0
Avatar
Dexter
3) If you have never done any scripting prior to this point and you find that you don't have an innate aptitude for it, try to get your company to send you to Met/Cal training. If, like me, your company is cheap and unreasonable, then try learning a language like Python (I recommend the book, Learn Python the Hard Way). It's not quite like Met/Cal, but it'll teach you some fundamentals about scripting like calling functions, writing loops, invoking math functions, etc.
 
4) Understand that 10% of the work is writing the script. 90% is troubleshooting what you wrote. Don't get cocky if you wrote a whole procedure in a day. It'll take at least two more to fix it.
 
But otherwise, send me an e-mail and I will do my best to guide you from there.
 
Dexter
0
Avatar
Dexter
3) If you have never done any scripting prior to this point and you find that you don't have an innate aptitude for it, try to get your company to send you to Met/Cal training. If, like me, your company is cheap and unreasonable, then try learning a language like Python (I recommend the book, Learn Python the Hard Way). It's not quite like Met/Cal, but it'll teach you some fundamentals about scripting like calling functions, writing loops, invoking math functions, etc. 4) Understand that 10% of the work is writing the script. 90% is troubleshooting what you wrote. Don't get cocky if you wrote a whole procedure in a day. It'll take at least two more to fix it. But otherwise, send me an e-mail and I will do my best to guide you from there.
0
Avatar
Dexter
3) If you have never done any scripting prior to this point and you find that you don't have an innate aptitude for it, try to get your company to send you to Met/Cal training. If, like me, your company is cheap and unreasonable, then try learning a language like Python (I recommend the book, Learn Python the Hard Way). It's not quite like Met/Cal, but it'll teach you some fundamentals about scripting like calling functions, writing loops, invoking math functions, etc. 4) Understand that 10% of the work is writing the script. 90% is troubleshooting what you wrote. Don't get cocky if you wrote a whole procedure in a day. It'll take at least two more to fix it.
0
Avatar
Dexter

3) If you have never done any scripting prior to this point and you find that you don't have an innate aptitude for it, try to get your company to send you to Met/Cal training. If, like me, your company is cheap and unreasonable, then try learning a language like Python (I recommend the book, Learn Python the Hard Way). It's not quite like Met/Cal, but it'll teach you some fundamentals about scripting like calling functions, writing loops, invoking math functions, etc.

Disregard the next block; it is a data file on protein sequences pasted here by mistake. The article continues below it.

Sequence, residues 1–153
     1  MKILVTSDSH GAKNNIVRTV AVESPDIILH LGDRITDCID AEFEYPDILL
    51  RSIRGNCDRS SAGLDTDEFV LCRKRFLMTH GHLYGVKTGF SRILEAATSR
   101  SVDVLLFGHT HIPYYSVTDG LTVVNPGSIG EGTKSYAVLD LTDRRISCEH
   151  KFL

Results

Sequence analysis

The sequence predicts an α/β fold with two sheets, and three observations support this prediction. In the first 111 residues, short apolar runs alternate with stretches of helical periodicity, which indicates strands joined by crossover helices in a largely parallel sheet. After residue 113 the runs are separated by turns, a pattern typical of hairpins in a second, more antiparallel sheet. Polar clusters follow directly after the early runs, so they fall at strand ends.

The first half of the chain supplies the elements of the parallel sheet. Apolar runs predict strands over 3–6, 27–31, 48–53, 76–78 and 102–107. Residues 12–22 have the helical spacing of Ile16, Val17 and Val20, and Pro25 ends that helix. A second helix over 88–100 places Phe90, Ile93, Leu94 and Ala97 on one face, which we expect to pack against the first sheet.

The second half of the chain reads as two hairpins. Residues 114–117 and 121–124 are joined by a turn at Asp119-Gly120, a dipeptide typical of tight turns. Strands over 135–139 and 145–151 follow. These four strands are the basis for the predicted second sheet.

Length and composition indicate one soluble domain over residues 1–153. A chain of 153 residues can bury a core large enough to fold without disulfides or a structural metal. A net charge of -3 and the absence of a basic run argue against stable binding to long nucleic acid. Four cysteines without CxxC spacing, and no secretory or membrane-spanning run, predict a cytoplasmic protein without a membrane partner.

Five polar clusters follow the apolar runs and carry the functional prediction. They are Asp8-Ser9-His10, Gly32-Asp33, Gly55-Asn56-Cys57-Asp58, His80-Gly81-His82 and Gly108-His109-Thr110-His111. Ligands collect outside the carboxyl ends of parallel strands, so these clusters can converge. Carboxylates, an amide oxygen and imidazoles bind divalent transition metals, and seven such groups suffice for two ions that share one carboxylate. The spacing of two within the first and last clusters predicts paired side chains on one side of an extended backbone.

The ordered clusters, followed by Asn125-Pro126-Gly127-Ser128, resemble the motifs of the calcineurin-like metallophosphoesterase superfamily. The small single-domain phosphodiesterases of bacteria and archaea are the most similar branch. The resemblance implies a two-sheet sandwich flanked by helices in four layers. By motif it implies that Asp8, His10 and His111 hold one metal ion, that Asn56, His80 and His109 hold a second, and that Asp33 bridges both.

0
Avatar
Dexter
4) Understand that 10% of the work is writing the script. 90% is troubleshooting what you wrote. Don't get cocky if you wrote a whole procedure in a day. It'll take at least two more to fix it.
 
But otherwise, send me an e-mail and I will do my best to guide you from there.
 
Dexter
0
Avatar
Dexter
4) Understand that 10% of the work is writing the script. 90% is troubleshooting what you wrote. Don't get cocky if you wrote a whole procedure in a day. It'll take at least two more to fix it. But otherwise, send me an e-mail and I will do my best to guide you from there.
 
Dexter
0
Avatar
Dexter
4) Understand that 10% of the work is writing the script. 90% is troubleshooting what you wrote. Don't get cocky if you wrote a whole procedure in a day. It'll take at least two more to fix it. But otherwise, send me an e-mail and I will do my best to guide you from there.
0
Avatar
Dexter
4) Understand that 10% of the work is writing the script. 90% is troubleshooting what you wrote. Don't get cocky if you wrote a whole procedure in a day. It'll take at least two more to fix it.
 
But otherwise, send me an e-mail and I will do my best to guide you from there.
0
Avatar
David Mix

Hello Dexter...

Thanks for your fast response.

About your answers:

1) I know that all the instrument has a list of commands for remote control by Any port. Anyway y have some manuals where to start with.

2) I always use the manual of the software to find usefull information about the command syntax, how to use them, etc.

3) I have abut 3 Months modifying the procedures that we download from MET/GOLD support Web Page. I will look for that book about Phyton.

Then, in general, I'm sorry for my poor information, but i've been working a lot and i don't have much time to do "Experiments" and learn to write FSC for the instruments. Anyway i apreciate a lot your answer.

I'm sorry if my English is Poor, but from here in Chile, i feel proud because im not using a translator for writing and reading all the information.

Once Again Dexter... Thanks for your Answer!! Have a nice day.

I'll be waiting for more answers.

Best regards.

David Mix Fuentes - DTS's Calibration Team.

(I can read spanish too!! - Puedo leer el español tambien!)

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Dale Chaudiere

Are you a MET/SUPPORT Gold member?  If so you can download the verification procedure for the 3456A.  It contains IEEE statements to control the 3456A.

Did you mean Keithley 2002, rather than Keysight 2002?

If it is the Keithley 2002, use the 2002 FSC or Flexible DMM driver, if it is being used as a reference.  If it is the DUT/UUT, download the verification procedure for the 2002.

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David Mix
Hello Dale... Thanks for your response. I've been checking the accuracy file of the keithley 2002 and it doesn't match the specifications of the Catalog manual. The same is happening with the HP 3458A. So we'll send an email to fluke so we can request an explanation about it. I'll tell you when we get an answer. Greetings. David Mix.
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Michael Schwartz

If you are talking about using the Keysght USB 2002A Power Sensors.   You will have to jump through some hoops.  I had to write some executables that allowed me to communicate with VISA devices as standards. 

Mike